I was supposed to read The Cheshire Cheese Cat a Dickens of a Tale as my sixth book, but I did not. Another book was calling to me, and I started to read it, and I could not put it down, and I decided it had to be book number six for my Round One of Battle of the Books, because it had to win.
A Greyhound of a Girl by Roddy Doyle
Here is the description on the book jacket:
Mary O’Hara is a sharp and cheeky 12-year-old Dublin schoolgirl who is bravely facing the fact that her beloved Granny is dying. But Granny can’t let go of life, and when a mysterious young woman turns up in Mary’s street with a message for her Granny, Mary gets pulled into an unlikely adventure. The woman is the ghost of Granny’s own mother, who has come to help her daughter say good-bye to her loved ones and guide her safely out of this world. She needs the help of Mary and her mother, Scarlett, who embark on a road trip to the past. Four generations of women travel on a midnight car journey. One of them is dead, one of them is dying, one of them is driving, and one of them is just starting out.
This may sound boring to some of you. I'm not sure why I picked it up in the first place; I think it was just in the new books section of my library. Dying grandmothers are not generally a topic I gravitate towards.
Let me just say, I was on the floor in my bathroom at twelve-thirty at night (so as not to wake Sam) crying and laughing at the same time. I was thinking about my mother and my grandmother and my daughters and wanting to be with all of them at once, at that very moment, though my grandmother is gone. The line between this life and the next and the people who have come before me and the people who will come after me felt very thin, barely there.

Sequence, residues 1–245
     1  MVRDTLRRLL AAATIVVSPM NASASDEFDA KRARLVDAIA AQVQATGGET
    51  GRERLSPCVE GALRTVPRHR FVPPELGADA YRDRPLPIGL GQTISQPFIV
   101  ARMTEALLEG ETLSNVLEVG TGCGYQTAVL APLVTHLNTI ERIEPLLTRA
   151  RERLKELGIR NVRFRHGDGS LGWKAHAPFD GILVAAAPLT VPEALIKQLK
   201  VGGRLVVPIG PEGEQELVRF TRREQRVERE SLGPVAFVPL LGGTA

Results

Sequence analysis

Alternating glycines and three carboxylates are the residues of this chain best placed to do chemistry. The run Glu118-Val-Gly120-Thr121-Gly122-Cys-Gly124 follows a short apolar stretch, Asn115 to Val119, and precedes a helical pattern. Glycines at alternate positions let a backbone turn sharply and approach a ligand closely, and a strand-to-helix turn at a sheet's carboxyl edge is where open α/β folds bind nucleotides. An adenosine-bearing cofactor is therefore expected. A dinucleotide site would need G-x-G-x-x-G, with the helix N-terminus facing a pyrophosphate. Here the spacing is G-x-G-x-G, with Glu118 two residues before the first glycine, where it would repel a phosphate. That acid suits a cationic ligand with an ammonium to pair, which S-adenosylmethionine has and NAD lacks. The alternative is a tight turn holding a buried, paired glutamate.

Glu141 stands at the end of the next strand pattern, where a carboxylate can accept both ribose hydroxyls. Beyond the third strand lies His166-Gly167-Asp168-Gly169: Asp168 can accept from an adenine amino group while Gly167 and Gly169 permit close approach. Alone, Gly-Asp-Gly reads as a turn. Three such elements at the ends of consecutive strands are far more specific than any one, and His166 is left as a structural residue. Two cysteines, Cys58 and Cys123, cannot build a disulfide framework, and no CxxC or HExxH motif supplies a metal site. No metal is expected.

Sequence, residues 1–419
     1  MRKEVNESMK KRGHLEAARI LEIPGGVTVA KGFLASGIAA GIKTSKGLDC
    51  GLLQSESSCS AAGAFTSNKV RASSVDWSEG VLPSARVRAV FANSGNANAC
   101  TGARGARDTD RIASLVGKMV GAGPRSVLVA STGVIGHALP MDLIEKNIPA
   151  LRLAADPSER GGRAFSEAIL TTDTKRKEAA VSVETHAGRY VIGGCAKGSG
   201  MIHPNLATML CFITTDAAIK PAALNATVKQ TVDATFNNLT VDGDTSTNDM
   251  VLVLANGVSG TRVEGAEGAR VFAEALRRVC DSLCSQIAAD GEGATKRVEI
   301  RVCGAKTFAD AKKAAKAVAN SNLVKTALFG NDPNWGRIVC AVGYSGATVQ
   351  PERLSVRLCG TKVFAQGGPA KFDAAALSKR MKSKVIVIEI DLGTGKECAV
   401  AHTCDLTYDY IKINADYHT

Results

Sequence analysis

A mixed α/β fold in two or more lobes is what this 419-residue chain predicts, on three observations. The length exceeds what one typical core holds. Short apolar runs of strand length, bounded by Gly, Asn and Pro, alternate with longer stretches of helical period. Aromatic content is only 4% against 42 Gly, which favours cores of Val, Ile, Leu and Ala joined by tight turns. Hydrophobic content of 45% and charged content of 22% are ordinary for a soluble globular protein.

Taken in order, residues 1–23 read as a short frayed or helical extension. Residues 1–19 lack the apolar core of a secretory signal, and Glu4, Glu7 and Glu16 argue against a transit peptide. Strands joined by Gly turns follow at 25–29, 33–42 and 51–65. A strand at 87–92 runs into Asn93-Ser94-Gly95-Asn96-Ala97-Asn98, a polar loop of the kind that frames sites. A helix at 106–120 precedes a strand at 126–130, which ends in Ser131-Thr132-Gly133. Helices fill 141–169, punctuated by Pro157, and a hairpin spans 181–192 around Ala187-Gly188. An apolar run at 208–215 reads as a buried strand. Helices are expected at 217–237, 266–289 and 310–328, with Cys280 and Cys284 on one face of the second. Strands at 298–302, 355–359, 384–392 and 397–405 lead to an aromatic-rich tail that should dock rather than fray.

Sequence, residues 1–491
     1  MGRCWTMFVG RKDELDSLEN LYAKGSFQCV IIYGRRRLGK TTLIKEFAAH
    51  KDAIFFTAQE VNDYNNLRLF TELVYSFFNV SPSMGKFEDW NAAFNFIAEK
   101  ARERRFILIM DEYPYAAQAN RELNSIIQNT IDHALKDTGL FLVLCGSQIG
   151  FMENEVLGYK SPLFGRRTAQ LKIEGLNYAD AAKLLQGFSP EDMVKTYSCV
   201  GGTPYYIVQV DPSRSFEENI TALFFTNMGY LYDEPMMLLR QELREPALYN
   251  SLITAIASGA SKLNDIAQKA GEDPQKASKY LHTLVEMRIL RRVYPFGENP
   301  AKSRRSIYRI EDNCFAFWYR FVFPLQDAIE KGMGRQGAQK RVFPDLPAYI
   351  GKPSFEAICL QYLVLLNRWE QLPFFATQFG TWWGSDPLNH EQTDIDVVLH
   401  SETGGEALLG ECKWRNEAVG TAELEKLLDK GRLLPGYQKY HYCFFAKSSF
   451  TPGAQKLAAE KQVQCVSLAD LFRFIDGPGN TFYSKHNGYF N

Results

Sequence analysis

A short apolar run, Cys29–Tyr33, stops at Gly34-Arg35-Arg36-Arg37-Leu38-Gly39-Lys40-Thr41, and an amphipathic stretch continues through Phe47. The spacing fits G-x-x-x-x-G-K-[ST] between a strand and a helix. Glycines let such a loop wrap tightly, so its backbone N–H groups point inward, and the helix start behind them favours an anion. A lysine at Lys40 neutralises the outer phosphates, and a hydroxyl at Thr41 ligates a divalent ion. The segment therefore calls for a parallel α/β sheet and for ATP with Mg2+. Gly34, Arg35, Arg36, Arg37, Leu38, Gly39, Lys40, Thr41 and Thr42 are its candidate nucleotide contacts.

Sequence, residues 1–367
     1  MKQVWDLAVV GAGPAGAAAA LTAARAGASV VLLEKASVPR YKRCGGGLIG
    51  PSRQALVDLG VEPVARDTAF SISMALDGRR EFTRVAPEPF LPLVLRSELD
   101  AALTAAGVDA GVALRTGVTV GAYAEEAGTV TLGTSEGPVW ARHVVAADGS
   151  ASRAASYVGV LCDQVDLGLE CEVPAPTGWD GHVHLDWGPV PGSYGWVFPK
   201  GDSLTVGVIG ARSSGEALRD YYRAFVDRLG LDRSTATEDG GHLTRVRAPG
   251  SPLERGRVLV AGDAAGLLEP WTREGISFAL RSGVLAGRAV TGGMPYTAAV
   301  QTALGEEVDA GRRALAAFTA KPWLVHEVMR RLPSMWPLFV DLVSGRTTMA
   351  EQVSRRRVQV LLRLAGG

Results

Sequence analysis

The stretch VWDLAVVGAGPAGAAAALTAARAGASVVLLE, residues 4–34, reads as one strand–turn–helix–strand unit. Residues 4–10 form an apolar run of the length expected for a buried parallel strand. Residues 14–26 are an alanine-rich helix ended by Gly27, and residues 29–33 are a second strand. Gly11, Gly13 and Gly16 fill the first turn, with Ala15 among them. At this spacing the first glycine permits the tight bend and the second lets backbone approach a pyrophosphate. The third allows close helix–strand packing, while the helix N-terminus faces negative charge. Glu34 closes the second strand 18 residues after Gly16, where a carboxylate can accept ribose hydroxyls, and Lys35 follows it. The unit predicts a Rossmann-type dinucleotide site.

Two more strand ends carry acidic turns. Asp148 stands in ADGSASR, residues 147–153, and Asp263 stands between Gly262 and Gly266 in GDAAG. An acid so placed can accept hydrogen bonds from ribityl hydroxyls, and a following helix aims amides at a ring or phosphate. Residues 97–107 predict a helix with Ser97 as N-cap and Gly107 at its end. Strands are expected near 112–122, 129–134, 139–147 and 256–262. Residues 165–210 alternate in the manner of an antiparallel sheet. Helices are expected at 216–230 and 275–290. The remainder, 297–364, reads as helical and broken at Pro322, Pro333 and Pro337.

This is a book that made me feel.
An aesthetic experience = when all of your senses are operating at their peak, in other words, an aesthetic experience helps you feel fully alive.
An anesthetic experience = when your senses are shut off, when you feel dead to the world around you
I have occasionally, okay often, read books where I had almost an anesthetic experience. Most of my senses were shut down. I was reading along, turning pages because I wanted to find out what would happen, but my emotions were not engaged. My heart was not involved. My mind was barely there at all. I couldn't really see or hear or feel or taste what was going on. These are the kind of books I end up reading halfway through; then I skip to the end to see if I can predict what will happen (vowing to myself that I will still finish the book); then I put the book down and never pick it up again.
A Greyhound of a Girl was an aesthetic experience for me. I wanted to read every word. I loved the characters. I wanted to be with them. I was with them. I was one of them. And when I shut the book, I took a deep breath and closed my eyes, and knew it was time to go to bed and dream happily about my own life and the lives in the story which had somehow become connected. I still think about the story, many days after having read it. I've shared bits and pieces of it with my kids in every setting. I've begun recommending it to people I know and love.
This is how I know I truly love a book.
Lindsay's Round One Winner!!!!
[In the interest of full disclosure, I will say that this book is very Irish/British/UKish, and I have sort of a fascination for that culture and that sense of humor. For example, every character in this book says the term, "That's grand," all the time, regardless of whether or not the thing was very grand. I found this hysterical. I should also let you know that while the main character is twelve, this book is considered YA. I wouldn't give it to anyone under the age of ten, and perhaps even older than that.]